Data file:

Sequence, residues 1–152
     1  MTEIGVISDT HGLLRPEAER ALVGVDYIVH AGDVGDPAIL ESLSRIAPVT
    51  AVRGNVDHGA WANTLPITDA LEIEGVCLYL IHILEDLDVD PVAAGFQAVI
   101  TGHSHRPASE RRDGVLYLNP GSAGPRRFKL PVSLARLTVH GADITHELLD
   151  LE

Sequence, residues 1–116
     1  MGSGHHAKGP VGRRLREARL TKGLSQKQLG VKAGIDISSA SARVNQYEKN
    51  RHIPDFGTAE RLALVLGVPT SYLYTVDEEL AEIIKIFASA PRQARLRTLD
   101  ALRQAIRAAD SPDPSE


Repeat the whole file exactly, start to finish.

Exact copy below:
Sequence, residues 1–152
     1  MTEIGVISDT HGLLRPEAER ALVGVDYIVH AGDVGDPAIL ESLSRIAPVT
    51  AVRGNVDHGA WANTLPITDA LEIEGVCLYL IHILEDLDVD PVAAGFQAVI
   101  TGHSHRPASE RRDGVLYLNP GSAGPRRFKL PVSLARLTVH GADITHELLD
   151  LE

Sequence, residues 1–116
     1  MGSGHHAKGP VGRRLREARL TKGLSQKQLG VKAGIDISSA SARVNQYEKN
    51  RHIPDFGTAE RLALVLGVPT SYLYTVDEEL AEIIKIFASA PRQARLRTLD
   101  ALRQAIRAAD SPDPSE